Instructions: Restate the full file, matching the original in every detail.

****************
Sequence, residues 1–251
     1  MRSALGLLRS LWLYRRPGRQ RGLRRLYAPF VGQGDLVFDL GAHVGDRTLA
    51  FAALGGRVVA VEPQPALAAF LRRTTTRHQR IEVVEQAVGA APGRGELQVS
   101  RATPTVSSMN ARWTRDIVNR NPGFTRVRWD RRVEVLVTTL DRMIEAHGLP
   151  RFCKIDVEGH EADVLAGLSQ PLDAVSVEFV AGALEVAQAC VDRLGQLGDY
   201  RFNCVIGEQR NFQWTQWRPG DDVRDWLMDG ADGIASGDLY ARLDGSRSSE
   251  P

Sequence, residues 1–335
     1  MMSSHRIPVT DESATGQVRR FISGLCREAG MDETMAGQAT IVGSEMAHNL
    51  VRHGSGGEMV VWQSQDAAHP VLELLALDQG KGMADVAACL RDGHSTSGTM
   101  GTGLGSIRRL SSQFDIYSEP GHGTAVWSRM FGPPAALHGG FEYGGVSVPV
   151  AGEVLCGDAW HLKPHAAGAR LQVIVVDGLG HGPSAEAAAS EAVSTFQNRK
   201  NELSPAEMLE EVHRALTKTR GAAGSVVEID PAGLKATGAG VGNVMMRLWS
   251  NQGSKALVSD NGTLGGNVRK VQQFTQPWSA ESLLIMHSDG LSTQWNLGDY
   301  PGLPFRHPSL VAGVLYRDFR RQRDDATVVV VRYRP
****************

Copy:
Sequence, residues 1–251
     1  MRSALGLLRS LWLYRRPGRQ RGLRRLYAPF VGQGDLVFDL GAHVGDRTLA
    51  FAALGGRVVA VEPQPALAAF LRRTTTRHQR IEVVEQAVGA APGRGELQVS
   101  RATPTVSSMN ARWTRDIVNR NPGFTRVRWD RRVEVLVTTL DRMIEAHGLP
   151  RFCKIDVEGH EADVLAGLSQ PLDAVSVEFV AGALEVAQAC VDRLGQLGDY
   201  RFNCVIGEQR NFQWTQWRPG DDVRDWLMDG ADGIASGDLY ARLDGSRSSE
   251  P

Sequence, residues 1–335
     1  MMSSHRIPVT DESATGQVRR FISGLCREAG MDETMAGQAT IVGSEMAHNL
    51  VRHGSGGEMV VWQSQDAAHP VLELLALDQG KGMADVAACL RDGHSTSGTM
   101  GTGLGSIRRL SSQFDIYSEP GHGTAVWSRM FGPPAALHGG FEYGGVSVPV
   151  AGEVLCGDAW HLKPHAAGAR LQVIVVDGLG HGPSAEAAAS EAVSTFQNRK
   201  NELSPAEMLE EVHRALTKTR GAAGSVVEID PAGLKATGAG VGNVMMRLWS
   251  NQGSKALVSD NGTLGGNVRK VQQFTQPWSA ESLLIMHSDG LSTQWNLGDY
   301  PGLPFRHPSL VAGVLYRDFR RQRDDATVVV VRYRP